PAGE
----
Protect your child now and in the future

Immunisations, also known as vaccinations are usually given by injection. Children in the UK are offered vaccinations against a variety of diseases as part of the Healthy Child Programme. You can get advice on the vaccinations from your GP, practice nurse or health visitor. A record is kept in the Parent Held Child Health Record (Red Book), which is a book you keep containing information on your child’s health.

Immunisations are mainly given during the first five years. It’s important to have vaccinations at the right age to keep the risk of disease as low as possible. Don’t hesitate to ask your health visitor or GP for advice - that’s what they are there for! Childhood immunisations are free and most are given at your GP’s surgery.

Some immunisations are given more than once to make sure the protection continues. This is known as a booster, so make sure your child gets it.

If you are pregnant, you will be offered the whooping cough vaccine at your GP’s surgery. The ideal time is 28 to 32 weeks of pregnancy so that your baby will be born protected against whooping cough infection, a very serious infection for young babies.

GP says

Immunisations are essential to protect children from diseases which can be very serious, causing long-term complications and even death.

If you wish to have further information on childhood immunisations, visit or speak to your heath visitor, practice nurse or GP.

When to immunise Diseases protected against

From birth to one year - for babies who are at a higher risk

protects against tuberculosis (TB)

8 weeks

DTaP/IPV/Hib/HepB and PCV and MenB and Rotavirus
diphtheria, tetanus, pertussis (whooping cough), polio, haemophilus influenzae type b (Hib) and hepatitis B, pneumococcal (13 serotypes), meningococcal group B (MenB), rotavirus gastroenteritis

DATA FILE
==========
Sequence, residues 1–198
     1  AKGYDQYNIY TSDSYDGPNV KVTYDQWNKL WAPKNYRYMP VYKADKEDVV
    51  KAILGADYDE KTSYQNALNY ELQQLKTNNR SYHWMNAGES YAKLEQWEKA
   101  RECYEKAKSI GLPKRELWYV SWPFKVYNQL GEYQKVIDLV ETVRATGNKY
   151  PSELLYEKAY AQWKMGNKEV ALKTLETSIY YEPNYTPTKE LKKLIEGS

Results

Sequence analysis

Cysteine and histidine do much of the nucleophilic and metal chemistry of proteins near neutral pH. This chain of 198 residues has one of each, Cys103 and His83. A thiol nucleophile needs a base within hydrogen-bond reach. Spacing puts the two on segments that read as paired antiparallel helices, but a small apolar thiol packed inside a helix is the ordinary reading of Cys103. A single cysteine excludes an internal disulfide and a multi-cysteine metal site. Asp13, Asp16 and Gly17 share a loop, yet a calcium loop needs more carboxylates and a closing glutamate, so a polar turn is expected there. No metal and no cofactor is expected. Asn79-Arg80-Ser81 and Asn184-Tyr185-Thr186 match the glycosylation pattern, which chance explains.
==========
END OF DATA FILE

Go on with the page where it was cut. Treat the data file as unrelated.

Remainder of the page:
12 weeks

DTaP/IPV/HibHepB and Rotavirus
diphtheria, tetanus, pertussis, polio, Hib and hepatitis B, rotavirus

16 weeks

DTaP/IPV/Hib/HepB and PCV and MenB
diphtheria, tetanus, pertussis, polio, Hib and hepatitis B, pneumococcal (13 serotypes), MenB

One year old on or after the child’s first birthday

Hib/MenC haemophilus influenzae b (Hib) vaccine and meningococcal C vaccine
PCV pneumococcal
MMR measles, mumps and rubella (German measles)
MenB booster MenB

Two to eight years old (including children in reception class and school years 1-4)

Live influenza vaccine influenza (each year from September)

Three years and sixteen weeks old or soon after

DTaP/IPV and MMR (check first dose given) diphtheria, tetanus, pertussis and polio, measles, mumps and rubella

Source: NHS Immunisation Information.
*Babies should have a dose of liquid paracetamol following meningococcal group B disease vaccination to reduce the risk of fever.

See the link for video

Make sure you keep your child’s Red Book in a safe place. It is your only complete record of their childhood immunisations and it is often needed later in life. The meningococcal group B vaccine will be introduced as part of the routine childhood vaccination programme, check with your health visitor.

For updates please see


Immunisation begins at two months, when baby's natural immunity to illness begins to drop.


The protection immunisations offer to your child against serious diseases are worth the small amount of pain.


Immunisations don’t just protect your child during childhood, they protect them for life.